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Welcome back, Top Chef! Now please rise to the level of your all-stars

Welcome back, Top Chef! Now please rise to the level of your all-stars
Tom Colicchio, Padma Lakshmi, and Gail Simmons in the new Top Chef: All Stars LA kitchen (Photo by Nicole Weingart/Bravo)

The Top Chef gang is back together again: Gail Simmons is back at the judges’ table alongside Tom Colicchio and Padma Lakshmi, and they’re judging an exceptionally strong group of 15 contestants, some of whom we’ve seen many times before, and some of whom I needed a flashback nudge to remember why they stood out.

Yet they’re all in a season that hasn’t yet recognized how amazing this is. It’s not Survivor: Winners at War—these aren’t all winners, after all—but I was ready for a similarly epic battle, and there’s also very little sense that Top Chef: All Stars LA thinks its second all-star season is special.

“These guys have come a long way since season three,” said Brian Malarkey said upon seeing the new kitchen set. “We were like, in a covered wagon in the olden days compared to this,” he added.

The editors cut to a shot of Top Chef Miami’s barren kitchen: a logo on the wall, some stainless steel tables, ovens along one wall, and a big, expansive concrete floor. It’s totally sad compared to the bright and airy new Top Chef kitchen, which has a kind of lanai (I’ve been watching a lot of Golden Girls) and wall of plants, plus a smorgasbord of vibrant decorations.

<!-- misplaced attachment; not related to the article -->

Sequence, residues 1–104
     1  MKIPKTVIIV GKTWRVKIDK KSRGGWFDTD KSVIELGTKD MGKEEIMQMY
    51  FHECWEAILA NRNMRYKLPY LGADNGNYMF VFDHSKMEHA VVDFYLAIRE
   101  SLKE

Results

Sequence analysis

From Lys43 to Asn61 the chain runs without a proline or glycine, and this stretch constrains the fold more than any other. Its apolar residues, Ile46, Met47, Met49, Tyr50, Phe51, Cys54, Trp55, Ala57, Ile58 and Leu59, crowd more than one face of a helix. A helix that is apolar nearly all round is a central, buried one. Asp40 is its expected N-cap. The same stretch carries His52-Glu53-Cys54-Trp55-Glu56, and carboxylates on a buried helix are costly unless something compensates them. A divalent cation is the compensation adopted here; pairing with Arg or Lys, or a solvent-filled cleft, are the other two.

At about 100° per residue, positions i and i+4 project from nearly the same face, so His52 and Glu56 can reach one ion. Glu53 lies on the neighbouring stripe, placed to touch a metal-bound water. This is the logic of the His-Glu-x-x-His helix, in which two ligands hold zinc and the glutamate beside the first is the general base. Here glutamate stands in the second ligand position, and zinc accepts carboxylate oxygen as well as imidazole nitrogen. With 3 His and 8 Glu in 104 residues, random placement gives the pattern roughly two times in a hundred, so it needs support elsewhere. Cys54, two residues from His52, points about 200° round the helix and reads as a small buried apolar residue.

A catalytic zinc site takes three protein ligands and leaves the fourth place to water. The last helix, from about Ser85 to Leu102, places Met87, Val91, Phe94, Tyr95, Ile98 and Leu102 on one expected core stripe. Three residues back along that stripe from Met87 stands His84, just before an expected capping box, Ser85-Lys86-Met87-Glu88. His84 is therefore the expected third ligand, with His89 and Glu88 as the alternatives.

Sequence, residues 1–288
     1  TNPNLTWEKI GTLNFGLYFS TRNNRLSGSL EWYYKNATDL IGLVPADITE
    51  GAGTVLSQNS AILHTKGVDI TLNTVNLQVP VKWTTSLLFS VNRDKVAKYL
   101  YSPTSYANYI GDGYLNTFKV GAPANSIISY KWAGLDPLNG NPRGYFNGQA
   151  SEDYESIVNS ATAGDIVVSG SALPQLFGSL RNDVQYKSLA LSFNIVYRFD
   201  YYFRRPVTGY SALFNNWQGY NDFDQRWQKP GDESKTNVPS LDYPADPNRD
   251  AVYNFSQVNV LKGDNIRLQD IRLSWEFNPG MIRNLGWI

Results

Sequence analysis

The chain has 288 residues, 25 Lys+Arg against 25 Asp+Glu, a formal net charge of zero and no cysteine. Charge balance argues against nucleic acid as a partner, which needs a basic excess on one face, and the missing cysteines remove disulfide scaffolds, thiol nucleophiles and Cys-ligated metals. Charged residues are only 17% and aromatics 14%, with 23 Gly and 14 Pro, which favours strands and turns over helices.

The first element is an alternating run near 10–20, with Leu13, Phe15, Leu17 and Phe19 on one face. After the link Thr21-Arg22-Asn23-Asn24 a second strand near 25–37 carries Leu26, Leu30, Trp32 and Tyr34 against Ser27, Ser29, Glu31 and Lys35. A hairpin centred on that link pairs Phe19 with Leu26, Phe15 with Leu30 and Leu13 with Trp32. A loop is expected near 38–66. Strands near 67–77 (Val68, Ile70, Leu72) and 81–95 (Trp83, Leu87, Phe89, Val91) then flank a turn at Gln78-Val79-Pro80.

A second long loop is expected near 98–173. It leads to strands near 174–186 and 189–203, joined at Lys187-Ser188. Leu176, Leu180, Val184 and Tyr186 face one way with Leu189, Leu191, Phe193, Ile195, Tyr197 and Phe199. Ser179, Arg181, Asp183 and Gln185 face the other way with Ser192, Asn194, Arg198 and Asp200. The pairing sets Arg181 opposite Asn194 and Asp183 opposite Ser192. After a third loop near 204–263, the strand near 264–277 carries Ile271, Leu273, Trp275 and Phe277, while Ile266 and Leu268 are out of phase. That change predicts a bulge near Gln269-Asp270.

Brian was right: the show really has grown up, and the production design is much better and much more fun to look at. But I’d argue this also works as a metaphor for the show’s evolution: back then, it was just a blank kitchen.

Now, it’s a kitchen filled with unnecessary things to distract us from the cooking. At least, that’s how the premiere felt overall: moments of humor and great potential packed within some unfortunate choices.

The show’s prize has been increased to $250,000, but the show hasn’t risen to the occasion. Even filming in Los Angeles seems uninspired, the easy choice.

The actual start, after the super-tease of the season, was awkward. Has there ever been a more underwhelming introduction of a group of all-stars? They just stood in a line outside the Griffith Observatory, which got more fawning attention than they did, sweeping drone shots and low-angle shots with it reaching into the sky.

While it’s been a year since I’ve seen Top Chef, it felt like Bravo really Bravoed the heck out of this premiere, there were so many bowed cymbal whines and other cheap post-production ploys OMINOUS DRUMBEAT. And then there were the first two challenges.

Are these the best challenges for an all-star season of Top Chef?

Melissa King, Joe Sasto, Bryan Voltaggio work on the quickfire challenge during the premiere of Top Chef: All Stars LA
Melissa King, Joe Sasto, Bryan Voltaggio work on the quickfire challenge during the premiere of Top Chef: All Stars LA. (Photo by Nicole Weingart/Bravo)

I realize Top Chef is fundamentally about putting chefs into absurd situations and under great pressure to see if they can still deliver outstanding, beautiful dishes that will please the most discerning palates. But the challenge design in this first episode didn’t help the chefs re-introduce themselves or their food.

Both the quickfire and the elimination challenge were team challenges, and both were unnecessarily complicated. The mis en place relay wasn’t done in teams; instead, the order individuals finished resulted in their team assignments for the quickfire challenge.